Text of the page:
It sounds like Arteta is starting on a similar basis and that principle is totally sound. Of course, whether he can convince the players of his ideas is the known unknown at this stage. His coaching theory is, to my eyes and ears, on the nose, but being the Head Coach of a team like Arsenal is about more than just coaching technique and style.
The people management side is the biggest unknown for Arteta. We have heard stories about his meticulous one-to-one technical coaching at Manchester City, however, he has never had to deal with the intricacies of a want-away player, nor has he had to totally own the progress of an unmotivated player.
We don’t even have theory when it comes to how Arteta will handle this side of club management, but Arsenal will test his chin very early in his reign. I happen to think the situation with Pierre Emerick Aubameyang, for instance, is quite straightforward. He turns 31 next summer and even if he were inclined, I don’t think Arsenal can countenance giving him the size of contract he would command.
He would be an enormous loss, but at that age, the club will have to look elsewhere soon enough anyway and simply aren’t in the financial league where they can award a huge salary to a 31-year old. There is little in the captain’s performances to suggest he will down tools, so Arteta can just focus on juicing him for all he has until the summer.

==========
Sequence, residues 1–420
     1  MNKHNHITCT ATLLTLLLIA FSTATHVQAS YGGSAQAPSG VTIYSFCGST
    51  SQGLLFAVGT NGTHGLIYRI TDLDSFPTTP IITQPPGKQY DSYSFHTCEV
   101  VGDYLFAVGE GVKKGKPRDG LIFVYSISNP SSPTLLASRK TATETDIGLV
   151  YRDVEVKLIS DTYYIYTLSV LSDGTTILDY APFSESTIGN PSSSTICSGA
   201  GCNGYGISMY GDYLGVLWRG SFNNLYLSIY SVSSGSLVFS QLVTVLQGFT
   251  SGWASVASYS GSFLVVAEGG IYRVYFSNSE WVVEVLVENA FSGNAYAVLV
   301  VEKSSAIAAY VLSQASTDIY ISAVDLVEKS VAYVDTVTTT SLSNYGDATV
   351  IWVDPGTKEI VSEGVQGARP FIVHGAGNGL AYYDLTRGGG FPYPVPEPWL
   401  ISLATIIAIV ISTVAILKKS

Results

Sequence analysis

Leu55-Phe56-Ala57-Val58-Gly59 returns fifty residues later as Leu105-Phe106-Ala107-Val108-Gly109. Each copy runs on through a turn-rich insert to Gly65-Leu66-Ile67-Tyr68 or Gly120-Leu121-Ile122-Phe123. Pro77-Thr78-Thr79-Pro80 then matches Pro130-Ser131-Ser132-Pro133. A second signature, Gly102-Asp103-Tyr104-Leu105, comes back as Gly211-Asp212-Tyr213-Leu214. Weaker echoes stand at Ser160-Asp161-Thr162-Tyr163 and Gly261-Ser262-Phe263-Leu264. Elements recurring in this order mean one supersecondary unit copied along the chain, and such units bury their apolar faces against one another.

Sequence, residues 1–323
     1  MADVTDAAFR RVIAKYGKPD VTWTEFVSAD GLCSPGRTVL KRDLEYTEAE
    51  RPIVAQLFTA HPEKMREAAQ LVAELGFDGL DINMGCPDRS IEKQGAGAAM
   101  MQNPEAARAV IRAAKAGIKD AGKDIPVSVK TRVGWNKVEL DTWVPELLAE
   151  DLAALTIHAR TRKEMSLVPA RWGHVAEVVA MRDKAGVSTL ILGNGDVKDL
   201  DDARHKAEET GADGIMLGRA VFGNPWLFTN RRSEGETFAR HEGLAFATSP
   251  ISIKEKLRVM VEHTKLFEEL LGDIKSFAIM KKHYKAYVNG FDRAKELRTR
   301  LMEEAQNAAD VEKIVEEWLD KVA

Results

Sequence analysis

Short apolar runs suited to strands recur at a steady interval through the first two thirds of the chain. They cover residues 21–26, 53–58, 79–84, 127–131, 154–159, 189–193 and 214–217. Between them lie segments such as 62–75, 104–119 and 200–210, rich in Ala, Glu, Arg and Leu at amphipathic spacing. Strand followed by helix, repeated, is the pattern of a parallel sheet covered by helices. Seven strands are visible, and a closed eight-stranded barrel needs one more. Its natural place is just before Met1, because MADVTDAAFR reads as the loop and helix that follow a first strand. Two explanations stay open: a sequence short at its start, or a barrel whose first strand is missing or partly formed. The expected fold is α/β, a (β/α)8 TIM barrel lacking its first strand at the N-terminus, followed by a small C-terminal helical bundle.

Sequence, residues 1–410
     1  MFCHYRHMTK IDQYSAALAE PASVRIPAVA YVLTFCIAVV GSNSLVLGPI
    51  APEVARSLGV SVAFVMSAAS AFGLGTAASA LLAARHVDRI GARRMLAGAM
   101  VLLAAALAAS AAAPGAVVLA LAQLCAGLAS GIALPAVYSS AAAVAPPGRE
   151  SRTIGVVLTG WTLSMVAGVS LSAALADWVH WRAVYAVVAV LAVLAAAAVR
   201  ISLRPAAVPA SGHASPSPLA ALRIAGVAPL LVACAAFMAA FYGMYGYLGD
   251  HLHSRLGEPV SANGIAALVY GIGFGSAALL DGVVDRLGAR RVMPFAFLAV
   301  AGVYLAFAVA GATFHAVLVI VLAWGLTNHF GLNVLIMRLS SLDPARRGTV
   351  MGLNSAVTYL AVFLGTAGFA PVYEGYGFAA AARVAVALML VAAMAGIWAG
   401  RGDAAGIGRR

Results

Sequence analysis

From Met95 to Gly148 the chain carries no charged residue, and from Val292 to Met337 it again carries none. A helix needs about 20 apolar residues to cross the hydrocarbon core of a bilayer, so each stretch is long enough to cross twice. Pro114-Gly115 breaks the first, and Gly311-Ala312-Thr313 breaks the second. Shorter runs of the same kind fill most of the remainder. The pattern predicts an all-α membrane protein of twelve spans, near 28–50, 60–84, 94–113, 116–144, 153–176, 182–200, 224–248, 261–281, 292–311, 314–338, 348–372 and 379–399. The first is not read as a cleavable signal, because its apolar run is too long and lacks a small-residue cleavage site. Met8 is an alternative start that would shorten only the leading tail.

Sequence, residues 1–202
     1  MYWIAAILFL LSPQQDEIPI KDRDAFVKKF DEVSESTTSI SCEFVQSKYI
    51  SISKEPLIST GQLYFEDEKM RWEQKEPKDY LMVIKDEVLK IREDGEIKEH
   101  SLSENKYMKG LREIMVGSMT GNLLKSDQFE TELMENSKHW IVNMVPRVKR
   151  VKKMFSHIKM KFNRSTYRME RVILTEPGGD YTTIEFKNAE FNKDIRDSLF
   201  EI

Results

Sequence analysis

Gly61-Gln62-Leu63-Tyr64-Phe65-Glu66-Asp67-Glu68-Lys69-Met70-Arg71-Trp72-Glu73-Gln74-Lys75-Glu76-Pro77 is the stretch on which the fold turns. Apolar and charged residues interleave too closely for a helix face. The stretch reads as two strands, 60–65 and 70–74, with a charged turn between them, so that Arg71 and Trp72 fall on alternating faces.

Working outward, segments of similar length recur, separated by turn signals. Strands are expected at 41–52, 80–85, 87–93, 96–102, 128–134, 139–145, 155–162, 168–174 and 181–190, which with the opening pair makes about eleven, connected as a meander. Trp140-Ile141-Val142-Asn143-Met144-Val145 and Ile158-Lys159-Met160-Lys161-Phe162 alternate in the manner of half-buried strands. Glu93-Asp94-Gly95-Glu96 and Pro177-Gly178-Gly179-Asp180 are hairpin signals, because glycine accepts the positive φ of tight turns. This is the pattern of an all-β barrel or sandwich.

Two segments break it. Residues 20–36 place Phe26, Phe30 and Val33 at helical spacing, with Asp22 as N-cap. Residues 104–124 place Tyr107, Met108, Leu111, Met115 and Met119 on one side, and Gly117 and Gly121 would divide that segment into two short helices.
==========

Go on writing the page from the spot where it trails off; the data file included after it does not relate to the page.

However, the scenario with Granit Xhaka is more finely balanced. That the Swiss wants to leave the club as soon as possible is very clear and that Newcastle and Hertha Berlin are the only teams to have been seriously linked with him shows you that he is not a player that would be missed in the long-term if Arsenal are serious about reversing their decline.
Replacing him in January, however, will be potentially tricky and the player is already reported to be upset by the contradictory external and internal messaging from Arteta. I don’t really hold Arteta responsible for that, I think Xhaka is probably at the stage where he will use any reason he can to manufacture a quick exit. Yet it remains a delicate situation and one Arteta won’t have been exposed to before.
Likewise, he opted not to pick Nicolas Pepe at Bournemouth. In fairness, Pepe could still have been struggling with the knee injury obtained at West Ham, but Mikel is the third Arsenal coach this season to have sat the player down on the bench, which suggests there are issues behind the scenes that require careful management.
Leaving aside Mesut Özil’s on-pitch performance, the player has become involved in a sensitive geopolitical situation with China recently, which is a sentence I don’t think I ever saw myself typing on this website! In fairness, management of that PR storm will be handled above Arteta’s head.
Eking performances out of a player in his 30s on a very comfortable contract is the challenge for Arteta and one that, again, he has never really been exposed to before. The initial signs were good at Bournemouth, where Arsenal seemed to have a plan to funnel the ball to Mesut in space, rather than just fielding the player and leaving him to his own devices.
Arteta is the Head Coach, after all, and I think better, more structured coaching will go most of the way to lifting the stench of ennui from Arsenal. However, he has some high-profile character assignments to complete in the coming weeks and these aren’t theory examinations either. Buena suerte, Mikel.